At this time, support arm 21 downwardly rotates around base end section 21a and is maintained at a substantially horizontal position, as shown in the same figure.

Consequently, rocker arm 18 moves downward as a whole, and end section 24 of each oscillating cam 17 is forcibly pulled up slightly via link member 20, so that oscillating cam 17 rotates leftward (counterclockwise) as a whole.

When one end section 18a of rocker arm 18 is pushed up or down via link arm 19 by a rotating movement of drive can 15, rocker arm 18 swings about tip end section 21b of support arm 21 as a swing support. The swing force is transmitted from theother end section 18b to oscillating cam 17 and valve lifter 16 via link member 20, so that a lift amount L1 becomes relatively small as shown in FIG. 5.

Thus, as shown in FIG. 7, when the valve lift amount and the valve operation angle are decreased, the phase of the center angle position of the valve operation angle relative to crankshaft 120 thereof (i.e., center phase) varies in a retarddirection compared with that of when the valve lift amount and the valve operation angle are larger.

In contrast, to increase the valve lift amount and the valve operation angle, control shaft 30 is rotation-driven so that control cam 31 is rotated clockwise by approximately 180.degree. from the position indicated in FIGS. 2 and 5 and centralaxis P1 (thick-walled part 31a) is moved upward, as shown in FIGS. 6A and 6B.

At this time, support arm 21 upwardly rotates around base end section 21a and is maintained at a rotated position with a predetermined angle. Rocker arm 18 moves upward as a whole, and the other end section 18b of rocker arm 18 presses upperend section 24 of oscillating cam 17 in a rightward direction in the illustration of FIG. 2 via link member 20, so that oscillating cam 17 rotates clockwise by a predetermined degree as a whole.

Thus, as shown in FIG. 6A, cam face 25b of oscillating cam 17 comes in contact with a top face of valve lifter 16, and when one end section 18a of rocker arm 18 is pushed up via link arm 19, a lift amount L2 becomes larger, as shown in FIG. 6B.

Namely, as shown in FIG. 7, when the valve lift amount and the valve operation angle are larger, the phase of the center angle position of the valve operation angle relative to crankshaft 120 thereof (i.e., center phase) varies in an advancedirection compared with that of when the valve lift amount and the valve operation angle are smaller.

As mentioned above, in VEL 112, to decrease the valve lift amount and the valve operation angle, support arm 21 is rotated from the upper rotated position as shown in FIGS. 6A and 6B to the horizontal rotated position as shown in FIGS. 2 and 5. This rotating direction is the same as the rotating direction of intake camshaft 13 and is the direction opposite to the rotating direction of the lift-rise of oscillating cam 17. Accordingly, the center phase of the valve operation angle of intakevalves 105, 105 is retarded as shown in FIG. 7.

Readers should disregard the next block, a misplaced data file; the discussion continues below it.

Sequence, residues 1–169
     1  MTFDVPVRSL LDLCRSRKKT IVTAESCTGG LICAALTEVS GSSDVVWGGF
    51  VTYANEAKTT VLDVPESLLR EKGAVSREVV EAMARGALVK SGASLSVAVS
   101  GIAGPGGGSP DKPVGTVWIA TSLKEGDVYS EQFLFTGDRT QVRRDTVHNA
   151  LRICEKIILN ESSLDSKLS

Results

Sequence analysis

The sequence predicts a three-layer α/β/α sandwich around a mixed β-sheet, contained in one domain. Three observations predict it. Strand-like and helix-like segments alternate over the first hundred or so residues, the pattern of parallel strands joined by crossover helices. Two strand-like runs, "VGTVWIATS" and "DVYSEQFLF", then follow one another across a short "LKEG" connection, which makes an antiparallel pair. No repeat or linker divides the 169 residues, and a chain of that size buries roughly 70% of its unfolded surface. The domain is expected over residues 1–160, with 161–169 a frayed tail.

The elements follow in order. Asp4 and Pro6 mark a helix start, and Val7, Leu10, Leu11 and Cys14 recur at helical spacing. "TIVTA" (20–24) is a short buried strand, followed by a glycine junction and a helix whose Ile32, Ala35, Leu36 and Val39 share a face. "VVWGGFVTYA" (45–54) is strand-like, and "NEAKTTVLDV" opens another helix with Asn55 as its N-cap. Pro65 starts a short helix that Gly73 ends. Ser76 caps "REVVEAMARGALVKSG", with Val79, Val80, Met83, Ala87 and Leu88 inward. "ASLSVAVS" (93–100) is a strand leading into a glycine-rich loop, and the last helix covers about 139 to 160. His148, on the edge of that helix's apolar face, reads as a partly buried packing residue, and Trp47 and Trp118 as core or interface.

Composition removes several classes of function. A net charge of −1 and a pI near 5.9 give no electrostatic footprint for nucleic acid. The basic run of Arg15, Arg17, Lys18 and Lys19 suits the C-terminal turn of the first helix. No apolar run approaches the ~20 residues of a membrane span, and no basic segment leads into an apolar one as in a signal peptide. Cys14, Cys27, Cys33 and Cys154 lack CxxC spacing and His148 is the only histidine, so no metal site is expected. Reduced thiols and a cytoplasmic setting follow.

Thus, to decrease the valve lift amount and the valve operation angle, support arm 21 is rotated downward by the downwardly rotating movement of control cam 31, as described above. At this time, driving cam 15 also rotates in the samedirection. Thus a time required for operating from a position after the top dead center to a position where the lifting starts becomes longer, and accordingly, a swing start timing of rocker arm 18 is also delayed.

On the other hand, since the rotating direction of support arm 21 is set to be opposite to the rotating direction of oscillating cam 17 during the lift-rise, a delay in the lift-rising timing of oscillating cam 17 occurs due to the delay in theswing start timing of rocker arm 18. Consequently, when the valve lift amount and the valve operation angle are decreased, the center phase of the valve operation angle is retarded, as shown in FIG. 7.

In the present embodiment, the center phase of the valve operation angle has characteristics that the center phase is retarded when the valve lift amount and the valve operation angle is changed to be smaller. However, the center phase may havecharacteristics that the center phase is advanced, contrary to the present embodiment.

FIG. 8 shows a structure of VEL 112 in which the variation characteristics of the center phase in response to the variation in the valve lift amount and the valve operation angle, is opposite to that in the mechanism shown in FIGS. 2 through 6.

The structure of VEL 112 shown in FIG. 8 is basically the same as that shown in FIGS. 2 through 6, except that the rotating direction of support arm 21 relative to the rotating direction of intake camshaft 13 is set to be opposite to thedirection set in the mechanism of FIGS. 2 through 6 when the valve lift amount and the valve operation angle are decreased, and that oscillating cam 17 is reversely arranged so that the rotating direction of oscillating cam 17 during the lift-rise is thesame as the rotating direction of intake camshaft 13.